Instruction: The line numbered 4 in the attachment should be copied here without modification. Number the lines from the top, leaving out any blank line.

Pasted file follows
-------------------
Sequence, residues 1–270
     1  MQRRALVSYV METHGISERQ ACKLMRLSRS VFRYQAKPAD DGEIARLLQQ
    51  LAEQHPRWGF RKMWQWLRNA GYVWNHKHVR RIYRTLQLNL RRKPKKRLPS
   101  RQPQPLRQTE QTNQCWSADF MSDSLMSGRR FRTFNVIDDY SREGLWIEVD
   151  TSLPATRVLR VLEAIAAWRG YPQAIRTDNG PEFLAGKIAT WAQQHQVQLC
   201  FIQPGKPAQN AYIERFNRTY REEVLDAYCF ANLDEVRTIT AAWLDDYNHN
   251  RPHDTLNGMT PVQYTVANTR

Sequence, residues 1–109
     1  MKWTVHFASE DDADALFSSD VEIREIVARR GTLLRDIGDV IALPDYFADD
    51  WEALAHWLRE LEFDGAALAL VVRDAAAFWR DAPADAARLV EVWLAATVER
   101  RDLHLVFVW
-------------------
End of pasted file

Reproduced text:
   101  RQPQPLRQTE QTNQCWSADF MSDSLMSGRR FRTFNVIDDY SREGLWIEVD